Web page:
Prepare to be confronted with something scarier (and cuter) than Jurassic Park's raptors. In the mid to late Jurassic, the world was full of furry, flying vampire pterosaurs who fed on dino blood.
The Jeholopterus was a small pterosaur who was found in Northeastern China. Though originally identified as an insect-eater, an odd mystery about the animal eventually led one researcher to suggest the creature was actually feeding on the blood of nearby sauropods. Let's take a look at the discovery of Jeholopterus, and what spurred great debate over whether it was a blood-sucker.
The top image is artist Maija Karala's interpretation of Jeholopterus.
Soaring over China in the Jurassic
Researchers at the Chinese Academy of Sciences published the journal article A nearly complete articulated rhamphorhynchoid pterosaur with exceptionally well-preserved wing membranes and "hairs" from Inner Mongolia, Northeast China. The paper recorded the discovery of a new pterosaur, Jeholopterus ninchengensis.
The researchers named the pterosaur for the area of its discovery, Ningcheng County of Inner Mongolia. The wingspan of Jeholopterus is a little less than three feet and the pterosaur likely weighed in around five to ten pounds - a little smaller than the average Barn Owl. Several fibers of "hair" are seen among the wings and body in the specimen, along with imprints from a large amount of soft tissue. The skull of the fossil is crushed, limiting interpretation of the head.
The authors placed Jeholopterus within the Anurognathidae group – a group of small pterosaurs known for feeding on insects. But Jeholopterus, unlike most pterosaurs, does not have a long beak. This absence played into speculation about Jeholopterus' interactions with dinosaurs.
The Vampire Theory
In the 2003 article The Chinese vampire and other overlooked pterosaur ptreasures published in the peer-reviewed Journal of Vertebrate Paleontology, David Peters observed a couple of unusual features in Jeholopterus separating it from the average Jurassic pterosaur.
Peters is not a practicing archaeologist, but an art director and natural history writer with several peer reviewed journal articles under his belt. Peters did his work using a scanned and enlarged image of the Jeholopterus fossil uncovered by the researchers at the Chinese Academy of Sciences. Using imaging techniques and Photoshop, Peters created tracings of the Jeholopterus specimen in order to elaborate on the soft tissue features of the pterosaur and the skull, as the one in the fossil is crushed. It is important to note Peters did not examine the fossil itself, only images of the fossil.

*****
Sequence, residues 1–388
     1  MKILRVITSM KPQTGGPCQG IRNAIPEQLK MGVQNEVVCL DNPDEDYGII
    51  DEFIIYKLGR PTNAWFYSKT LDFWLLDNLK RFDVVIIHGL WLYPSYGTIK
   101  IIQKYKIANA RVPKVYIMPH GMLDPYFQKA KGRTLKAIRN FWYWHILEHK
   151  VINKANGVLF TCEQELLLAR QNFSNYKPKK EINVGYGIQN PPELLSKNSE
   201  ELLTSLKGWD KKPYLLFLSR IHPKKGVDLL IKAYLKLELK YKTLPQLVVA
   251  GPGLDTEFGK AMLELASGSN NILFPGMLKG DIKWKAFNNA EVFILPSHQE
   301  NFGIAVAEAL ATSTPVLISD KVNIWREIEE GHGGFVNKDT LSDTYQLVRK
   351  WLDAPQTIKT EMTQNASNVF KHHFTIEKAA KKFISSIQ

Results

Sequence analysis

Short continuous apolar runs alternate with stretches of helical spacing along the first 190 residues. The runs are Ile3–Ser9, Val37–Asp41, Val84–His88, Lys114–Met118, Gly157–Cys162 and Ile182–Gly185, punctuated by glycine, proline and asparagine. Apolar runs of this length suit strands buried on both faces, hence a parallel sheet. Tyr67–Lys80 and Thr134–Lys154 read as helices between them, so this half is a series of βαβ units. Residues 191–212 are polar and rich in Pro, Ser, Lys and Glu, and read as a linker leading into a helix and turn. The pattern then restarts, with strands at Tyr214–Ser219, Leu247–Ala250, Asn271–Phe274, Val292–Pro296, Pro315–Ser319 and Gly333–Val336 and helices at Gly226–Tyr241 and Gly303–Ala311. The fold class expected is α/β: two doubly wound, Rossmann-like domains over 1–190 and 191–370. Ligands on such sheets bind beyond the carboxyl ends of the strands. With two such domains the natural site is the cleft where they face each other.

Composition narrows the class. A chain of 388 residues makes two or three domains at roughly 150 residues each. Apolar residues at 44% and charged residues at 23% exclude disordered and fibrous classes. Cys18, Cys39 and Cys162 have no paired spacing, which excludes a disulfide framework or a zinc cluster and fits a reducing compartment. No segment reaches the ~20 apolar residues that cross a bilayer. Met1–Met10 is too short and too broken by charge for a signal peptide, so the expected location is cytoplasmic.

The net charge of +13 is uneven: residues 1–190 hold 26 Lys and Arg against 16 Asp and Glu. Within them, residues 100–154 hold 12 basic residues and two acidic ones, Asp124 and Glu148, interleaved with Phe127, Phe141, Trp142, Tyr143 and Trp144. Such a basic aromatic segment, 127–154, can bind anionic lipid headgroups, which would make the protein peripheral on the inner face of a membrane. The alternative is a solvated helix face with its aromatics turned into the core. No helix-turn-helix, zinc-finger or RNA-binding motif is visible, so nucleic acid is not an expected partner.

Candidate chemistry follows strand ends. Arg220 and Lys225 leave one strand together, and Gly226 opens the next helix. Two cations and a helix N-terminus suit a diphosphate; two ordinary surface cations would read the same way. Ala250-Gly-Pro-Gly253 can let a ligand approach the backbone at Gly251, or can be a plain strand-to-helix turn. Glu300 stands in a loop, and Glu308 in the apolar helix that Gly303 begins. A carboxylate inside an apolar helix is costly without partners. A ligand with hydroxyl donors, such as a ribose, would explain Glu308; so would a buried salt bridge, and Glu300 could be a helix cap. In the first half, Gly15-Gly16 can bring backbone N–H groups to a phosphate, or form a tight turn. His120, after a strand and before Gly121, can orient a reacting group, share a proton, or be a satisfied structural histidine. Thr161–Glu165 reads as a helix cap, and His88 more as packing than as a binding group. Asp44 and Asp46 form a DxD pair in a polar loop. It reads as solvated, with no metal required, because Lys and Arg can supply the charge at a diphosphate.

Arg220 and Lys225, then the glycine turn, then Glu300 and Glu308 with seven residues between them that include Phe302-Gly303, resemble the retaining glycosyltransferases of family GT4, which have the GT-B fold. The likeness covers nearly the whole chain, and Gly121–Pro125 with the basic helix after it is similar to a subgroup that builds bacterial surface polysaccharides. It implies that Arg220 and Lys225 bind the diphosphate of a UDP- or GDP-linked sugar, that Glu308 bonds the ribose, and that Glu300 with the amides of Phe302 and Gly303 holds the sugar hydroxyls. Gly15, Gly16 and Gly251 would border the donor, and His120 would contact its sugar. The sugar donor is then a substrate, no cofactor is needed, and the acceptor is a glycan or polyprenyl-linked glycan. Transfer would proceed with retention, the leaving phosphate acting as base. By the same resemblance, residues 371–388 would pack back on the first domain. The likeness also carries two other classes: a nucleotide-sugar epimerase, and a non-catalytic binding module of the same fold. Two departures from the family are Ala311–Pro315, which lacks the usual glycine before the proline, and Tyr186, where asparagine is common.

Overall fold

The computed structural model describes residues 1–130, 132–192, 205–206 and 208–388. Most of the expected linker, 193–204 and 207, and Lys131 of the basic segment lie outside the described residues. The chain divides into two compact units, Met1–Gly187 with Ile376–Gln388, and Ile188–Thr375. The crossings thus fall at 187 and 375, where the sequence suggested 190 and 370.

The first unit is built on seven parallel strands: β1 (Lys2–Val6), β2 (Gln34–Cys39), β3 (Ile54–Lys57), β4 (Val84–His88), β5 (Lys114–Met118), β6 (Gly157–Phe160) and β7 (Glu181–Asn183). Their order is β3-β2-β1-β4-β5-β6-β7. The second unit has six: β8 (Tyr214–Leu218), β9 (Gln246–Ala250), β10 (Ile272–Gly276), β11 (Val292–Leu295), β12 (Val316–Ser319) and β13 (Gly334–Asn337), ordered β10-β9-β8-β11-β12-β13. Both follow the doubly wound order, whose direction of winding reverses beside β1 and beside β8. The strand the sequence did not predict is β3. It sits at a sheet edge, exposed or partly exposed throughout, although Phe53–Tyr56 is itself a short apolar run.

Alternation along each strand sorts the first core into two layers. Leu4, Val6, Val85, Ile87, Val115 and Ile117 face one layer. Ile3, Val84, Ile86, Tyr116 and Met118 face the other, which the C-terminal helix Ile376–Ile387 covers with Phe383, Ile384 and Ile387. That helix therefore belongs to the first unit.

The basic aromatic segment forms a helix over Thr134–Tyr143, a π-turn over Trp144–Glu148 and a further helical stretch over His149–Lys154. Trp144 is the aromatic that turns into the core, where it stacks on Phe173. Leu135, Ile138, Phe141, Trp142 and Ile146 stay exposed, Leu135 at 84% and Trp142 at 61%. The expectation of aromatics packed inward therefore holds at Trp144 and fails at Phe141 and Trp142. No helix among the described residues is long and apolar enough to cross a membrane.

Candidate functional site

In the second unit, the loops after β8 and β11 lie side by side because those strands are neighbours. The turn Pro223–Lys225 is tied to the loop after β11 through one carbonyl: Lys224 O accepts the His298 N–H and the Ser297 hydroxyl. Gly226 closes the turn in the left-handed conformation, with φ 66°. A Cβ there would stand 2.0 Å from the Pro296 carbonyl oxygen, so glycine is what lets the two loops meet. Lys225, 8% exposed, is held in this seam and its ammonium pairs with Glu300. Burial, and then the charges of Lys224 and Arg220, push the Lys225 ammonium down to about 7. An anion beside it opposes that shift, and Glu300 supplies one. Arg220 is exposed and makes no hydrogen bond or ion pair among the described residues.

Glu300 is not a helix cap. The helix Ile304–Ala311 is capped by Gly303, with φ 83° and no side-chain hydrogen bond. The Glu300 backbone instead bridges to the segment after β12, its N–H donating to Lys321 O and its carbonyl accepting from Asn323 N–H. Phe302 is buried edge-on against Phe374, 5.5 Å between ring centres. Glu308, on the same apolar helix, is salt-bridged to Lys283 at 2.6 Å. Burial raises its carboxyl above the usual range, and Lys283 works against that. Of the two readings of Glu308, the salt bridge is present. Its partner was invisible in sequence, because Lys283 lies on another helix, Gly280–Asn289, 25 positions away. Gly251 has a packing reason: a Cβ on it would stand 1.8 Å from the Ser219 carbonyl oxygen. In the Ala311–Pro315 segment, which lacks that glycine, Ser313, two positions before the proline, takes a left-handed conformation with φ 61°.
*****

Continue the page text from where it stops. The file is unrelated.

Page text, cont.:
In this analysis, Peters reconstructed the skull, observing elongated teeth akin to like pliers, a fortified palate able Jeholopterus to deliver a swift blow and powerful blow, a possible mechanism by which the teeth could be locked into place after a strike. Additionally, Peters observed a horse-like tail possibly used to swat away small insects.
The pterosaur seemed to have the ability to deliver a strong blow, plus it had fangs — and a method to lock the fangs into another animal after striking. All these features led Peters to suggest Jeholopterus latched onto the backs of sauropods and lapped up blood from fang wounds. Peters doesn't offer any reasons for vampiric behavior — he simply offers it as a physiological possibility.
Backlash from the Paleontology Community
Not all paleontologists are fans of Peters' methods. Christopher Bennett, a Professor at Fort Hays State University, assails Peters' conclusions in the article Pterosaur Science or Pterosaur Fantasy? Bennett points out that several fellow paleontologists are unable to independently repeat the imaging techniques leading to evidence for vampirism.
Additionally, Bennet notes several paleontologists are uncomfortable with Peters' separation from the fossils themselves, as Peters performs most of his work without observing the fossils in person. The inability for other paleontologists to reproduce Peters' findings using the same techniques calls the vampirism into question.
Can we Prove That Jeholopterus Slurped Vital Fluids?
Honestly, without a living Jeholopterus to observe, we really cannot be sure of its unique attributes. That said, I would certainly feel more comfortable about accepting the vampire Jeholopterus view if a number of other interested parties reproduced Peters' results.
What is interesting in this situation is the use of non-traditional imaging techniques by someone outside of the world of traditional paleontology to inform the world of academia, regardless of widespread acceptance. Think of it as citizen science on an extreme level - David Peters is making important contributions, even if he's succeeding only in rattling the cage of the academic mainstream.